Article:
The GParted Live CD: A Quick Way To Edit Your Primary Partitions [Linux]

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gparted 300   The GParted Live CD: A Quick Way To Edit Your Primary Partitions [Linux]Edit your partitions from outside your operating system. The GParted Live CD is a simple Linux distro you can use to change the size of your partitions – or wipe a drive entirely. Built around GParted, the ultimate partitioning software, the GParted Live CD is probably the simplest way to use GParted on any computer – regardless of what operating system it runs.

If Parted Magic is a complete toolbox for your computer, the GParted Live CD is more like a single tool. While the latter includes some tools besides its famous partitioning software, it’s decidedly a less diverse offering than the former.

That doesn’t mean the GParted Live CD is not worth having around, though. With a footprint of under 140MB, it can fit on even the smallest flash drives on the market, and its singular focus on partitioning software might be just right for you. With Fluxbox as its desktop, it’s lightweight in a way few distros are anymore.

Using The GParted Live CD

Boot this Linux distro up and one program will load immediately – GParted. This makes sense, as GParted is the reason for its existence, but there are other tools offered. You’ll see icons at the top.

gparted main   The GParted Live CD: A Quick Way To Edit Your Primary Partitions [Linux]

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I’ve already shown you what GParted can do so I’m not going to get into that here, but rest assured that you’ll be able to create, delete, move and otherwise edit your partitioning scheme.

As always – back up your data before messing with your partitions. Even if you’re an expert, stuff will break occasionally. You’ve been warned.

This being Fluxbox, you can also browse a menu by right-clicking the desktop. There’s not a lot of non-GParted software to explore here, but must-haves like text editors and Midnight Commander are around if you need them.

gparted menu   The GParted Live CD: A Quick Way To Edit Your Primary Partitions [Linux]

There’s also a simple web browser if you need to look something up, but note that you’ll have to run the networking wizard on the desktop before you can use it.

Supported Formats

This CD supports every file system supported by GParted, so if there’s something you can’t do on this CD, it’s because GParted itself cannot do it. Here are my choices while trying to create a partition:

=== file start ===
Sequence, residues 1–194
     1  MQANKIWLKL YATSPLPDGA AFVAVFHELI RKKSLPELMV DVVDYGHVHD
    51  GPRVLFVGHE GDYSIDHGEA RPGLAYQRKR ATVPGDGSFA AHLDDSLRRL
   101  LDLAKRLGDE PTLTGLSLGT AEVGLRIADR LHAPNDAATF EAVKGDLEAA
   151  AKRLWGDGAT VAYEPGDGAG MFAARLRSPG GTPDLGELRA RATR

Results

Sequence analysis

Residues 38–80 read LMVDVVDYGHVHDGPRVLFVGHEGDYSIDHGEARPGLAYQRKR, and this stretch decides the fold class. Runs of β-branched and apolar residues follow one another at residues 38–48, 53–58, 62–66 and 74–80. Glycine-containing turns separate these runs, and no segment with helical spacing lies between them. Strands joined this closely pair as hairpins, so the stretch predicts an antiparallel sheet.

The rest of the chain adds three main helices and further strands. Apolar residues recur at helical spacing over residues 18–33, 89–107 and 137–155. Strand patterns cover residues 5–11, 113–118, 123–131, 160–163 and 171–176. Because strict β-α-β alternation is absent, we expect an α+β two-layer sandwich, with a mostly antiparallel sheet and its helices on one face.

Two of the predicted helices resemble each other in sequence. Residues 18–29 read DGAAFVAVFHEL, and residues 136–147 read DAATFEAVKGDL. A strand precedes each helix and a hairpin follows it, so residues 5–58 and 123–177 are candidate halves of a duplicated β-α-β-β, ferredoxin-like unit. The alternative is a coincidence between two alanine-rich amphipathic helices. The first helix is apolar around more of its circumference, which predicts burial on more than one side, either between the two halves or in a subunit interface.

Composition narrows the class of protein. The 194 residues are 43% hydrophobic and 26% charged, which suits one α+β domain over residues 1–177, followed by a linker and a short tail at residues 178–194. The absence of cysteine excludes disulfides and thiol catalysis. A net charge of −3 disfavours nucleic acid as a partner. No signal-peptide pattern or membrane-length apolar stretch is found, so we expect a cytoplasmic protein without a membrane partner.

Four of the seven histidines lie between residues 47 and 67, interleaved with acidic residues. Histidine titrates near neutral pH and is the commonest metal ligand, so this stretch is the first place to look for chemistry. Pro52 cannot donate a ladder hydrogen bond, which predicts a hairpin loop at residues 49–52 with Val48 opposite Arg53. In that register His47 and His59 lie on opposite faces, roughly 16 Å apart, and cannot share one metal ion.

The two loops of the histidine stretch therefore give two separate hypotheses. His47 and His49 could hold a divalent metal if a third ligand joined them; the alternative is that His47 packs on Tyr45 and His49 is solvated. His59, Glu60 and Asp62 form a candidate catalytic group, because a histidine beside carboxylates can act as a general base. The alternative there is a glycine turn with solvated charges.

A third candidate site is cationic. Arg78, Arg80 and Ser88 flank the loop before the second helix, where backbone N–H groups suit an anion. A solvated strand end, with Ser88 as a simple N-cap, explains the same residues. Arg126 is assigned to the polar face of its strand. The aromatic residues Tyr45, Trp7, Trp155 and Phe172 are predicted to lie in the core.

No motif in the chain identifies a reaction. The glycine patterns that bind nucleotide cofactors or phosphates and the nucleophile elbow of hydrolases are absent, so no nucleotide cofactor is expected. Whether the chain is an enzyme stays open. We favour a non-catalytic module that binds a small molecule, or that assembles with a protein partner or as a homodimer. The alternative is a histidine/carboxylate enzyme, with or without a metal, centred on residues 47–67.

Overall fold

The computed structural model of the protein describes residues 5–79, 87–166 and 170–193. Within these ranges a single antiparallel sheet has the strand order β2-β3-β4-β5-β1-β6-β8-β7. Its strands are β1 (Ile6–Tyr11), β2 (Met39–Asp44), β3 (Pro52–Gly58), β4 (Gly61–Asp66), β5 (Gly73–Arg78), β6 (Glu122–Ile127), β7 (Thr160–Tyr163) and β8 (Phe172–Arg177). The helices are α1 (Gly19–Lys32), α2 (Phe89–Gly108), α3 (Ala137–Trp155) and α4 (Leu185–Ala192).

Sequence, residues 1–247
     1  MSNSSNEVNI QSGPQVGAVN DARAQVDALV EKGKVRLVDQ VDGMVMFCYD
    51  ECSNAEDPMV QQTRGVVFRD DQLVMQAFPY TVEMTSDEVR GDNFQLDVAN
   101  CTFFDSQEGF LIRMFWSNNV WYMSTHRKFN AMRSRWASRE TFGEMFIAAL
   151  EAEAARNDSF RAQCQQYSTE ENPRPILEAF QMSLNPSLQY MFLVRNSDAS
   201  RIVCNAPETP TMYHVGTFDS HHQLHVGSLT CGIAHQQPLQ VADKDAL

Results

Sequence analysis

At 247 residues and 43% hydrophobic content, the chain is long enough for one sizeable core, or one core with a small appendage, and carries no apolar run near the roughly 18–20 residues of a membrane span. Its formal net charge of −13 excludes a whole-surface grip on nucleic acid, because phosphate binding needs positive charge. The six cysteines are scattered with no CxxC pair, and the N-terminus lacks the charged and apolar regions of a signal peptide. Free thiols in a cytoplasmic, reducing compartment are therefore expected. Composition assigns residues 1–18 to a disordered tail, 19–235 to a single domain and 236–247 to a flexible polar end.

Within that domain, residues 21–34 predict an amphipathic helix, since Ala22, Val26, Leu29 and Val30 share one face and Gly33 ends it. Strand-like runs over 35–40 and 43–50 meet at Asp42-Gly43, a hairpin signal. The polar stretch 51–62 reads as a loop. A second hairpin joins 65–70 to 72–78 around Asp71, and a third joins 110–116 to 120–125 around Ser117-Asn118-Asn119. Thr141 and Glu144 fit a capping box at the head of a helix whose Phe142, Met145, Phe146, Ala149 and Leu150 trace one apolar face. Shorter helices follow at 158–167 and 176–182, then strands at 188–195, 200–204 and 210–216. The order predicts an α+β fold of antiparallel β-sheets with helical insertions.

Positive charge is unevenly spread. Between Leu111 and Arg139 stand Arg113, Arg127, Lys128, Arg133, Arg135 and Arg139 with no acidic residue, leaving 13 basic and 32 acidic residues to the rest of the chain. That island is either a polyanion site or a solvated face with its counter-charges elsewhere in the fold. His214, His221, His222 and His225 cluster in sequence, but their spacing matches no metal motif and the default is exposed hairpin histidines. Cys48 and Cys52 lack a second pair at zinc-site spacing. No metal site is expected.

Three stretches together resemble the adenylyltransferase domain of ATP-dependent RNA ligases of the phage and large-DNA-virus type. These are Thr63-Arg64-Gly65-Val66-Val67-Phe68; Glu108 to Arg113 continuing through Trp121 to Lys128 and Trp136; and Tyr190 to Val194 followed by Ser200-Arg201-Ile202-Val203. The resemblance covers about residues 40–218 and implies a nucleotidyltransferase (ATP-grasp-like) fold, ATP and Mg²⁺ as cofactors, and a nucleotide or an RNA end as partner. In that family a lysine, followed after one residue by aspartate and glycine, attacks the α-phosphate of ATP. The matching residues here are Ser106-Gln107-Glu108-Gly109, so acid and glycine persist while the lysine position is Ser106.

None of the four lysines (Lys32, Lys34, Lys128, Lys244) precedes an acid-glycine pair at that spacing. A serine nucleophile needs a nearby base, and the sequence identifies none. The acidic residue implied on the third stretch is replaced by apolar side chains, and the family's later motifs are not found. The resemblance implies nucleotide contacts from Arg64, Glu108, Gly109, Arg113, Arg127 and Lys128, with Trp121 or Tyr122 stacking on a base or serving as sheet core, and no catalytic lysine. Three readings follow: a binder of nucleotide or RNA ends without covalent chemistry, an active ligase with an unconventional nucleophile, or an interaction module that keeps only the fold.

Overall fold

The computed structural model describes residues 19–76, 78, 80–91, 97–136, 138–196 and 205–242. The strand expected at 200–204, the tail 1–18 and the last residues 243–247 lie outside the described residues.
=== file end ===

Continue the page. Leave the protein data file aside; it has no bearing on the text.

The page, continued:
gparted formats   The GParted Live CD: A Quick Way To Edit Your Primary Partitions [Linux]

Choice is good. For quick references: Windows uses NTFS, Linux typically uses EXT3 or EXT4, Macs use HFS+ and all three systems can read FAT32 partitions. Good luck, and remember: back up everything before editing partitions. You’ve been warned, multiple times.

Download The GParted Live CD

Ready to give this a shot? You’ll find the ISO file at the GParted home page. You can burn this ISO to CD with most burning software, or you can create a bootable flash drive using LinuxLive in Windows or by using the cross-platform tool uNetBootin.

If you have trouble booting from USB or CD check your BIOS and change the boot order. If you can’t figure out how to do that messing around with partitions might not be the best idea anyway.

Compared To Parted Magic

The centerpiece of both Parted Magic and the GParted Live CD is, of course, GParted itself. If you’ve got an Ubuntu live CD kicking around you can also use that to run GParted – but it’s far bigger than both disks.

Whatever tool you used, if you feel like you messed up completely don’t worry. It might be possible to scan your reformatted hard drive to recover files. It’s worth a shot.

How do you like the GParted Live CD? Let me know in the comments below, along with any other quality partitioning software you’d like to point out. I look forward to the conversation, as always.

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7 Comments - Write a Comment

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Adam Garrett

system rescue cd, gparted is part of it, and has some other functionality

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Lisa Santika Onggrid

Thank you. I’ve been wondering about the difference between GParted and PMagic and this answers that question nicely. Any extra recommendation for emergency bootable pendrive? I currently have Parted Magic,DBAN,Redobackup, and Puppy Linux on it.

Lisa Santika Onggrid

Thank you. It’d be useful.

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Paul Crousel

most linux live cd comes with gparted?

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km

What is a good partition set up? How many partitions should you have and what should be put on each one?

Justin Pot

There is no universally “good” partition setup. For some a single partition will work fine, and others might want three or four.

Myself, I usually only partition my drive if I plan on using multiple operating systems – so Windows alongside Linux. But many others will have an operating system partition and a data partition – the thought is if the OS breaks they can re-install it without affecting their data.

I could go on, but all you really need to know is that if you can’t think of a reason to change your partitioning scheme you probably don’t need to.

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